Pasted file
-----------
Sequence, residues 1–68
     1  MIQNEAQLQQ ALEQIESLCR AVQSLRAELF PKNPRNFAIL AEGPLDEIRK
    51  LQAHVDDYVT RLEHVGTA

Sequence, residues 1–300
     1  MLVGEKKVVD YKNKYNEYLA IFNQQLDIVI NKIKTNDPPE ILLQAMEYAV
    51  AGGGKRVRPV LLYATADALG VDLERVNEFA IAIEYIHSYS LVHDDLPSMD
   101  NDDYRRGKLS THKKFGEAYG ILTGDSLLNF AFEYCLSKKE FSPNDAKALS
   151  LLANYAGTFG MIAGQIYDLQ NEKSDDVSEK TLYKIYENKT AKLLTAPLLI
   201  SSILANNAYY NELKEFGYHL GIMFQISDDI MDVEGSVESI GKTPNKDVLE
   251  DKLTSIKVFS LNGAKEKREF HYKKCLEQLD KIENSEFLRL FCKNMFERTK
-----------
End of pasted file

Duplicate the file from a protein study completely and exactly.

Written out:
Sequence, residues 1–68
     1  MIQNEAQLQQ ALEQIESLCR AVQSLRAELF PKNPRNFAIL AEGPLDEIRK
    51  LQAHVDDYVT RLEHVGTA

Sequence, residues 1–300
     1  MLVGEKKVVD YKNKYNEYLA IFNQQLDIVI NKIKTNDPPE ILLQAMEYAV
    51  AGGGKRVRPV LLYATADALG VDLERVNEFA IAIEYIHSYS LVHDDLPSMD
   101  NDDYRRGKLS THKKFGEAYG ILTGDSLLNF AFEYCLSKKE FSPNDAKALS
   151  LLANYAGTFG MIAGQIYDLQ NEKSDDVSEK TLYKIYENKT AKLLTAPLLI
   201  SSILANNAYY NELKEFGYHL GIMFQISDDI MDVEGSVESI GKTPNKDVLE
   251  DKLTSIKVFS LNGAKEKREF HYKKCLEQLD KIENSEFLRL FCKNMFERTK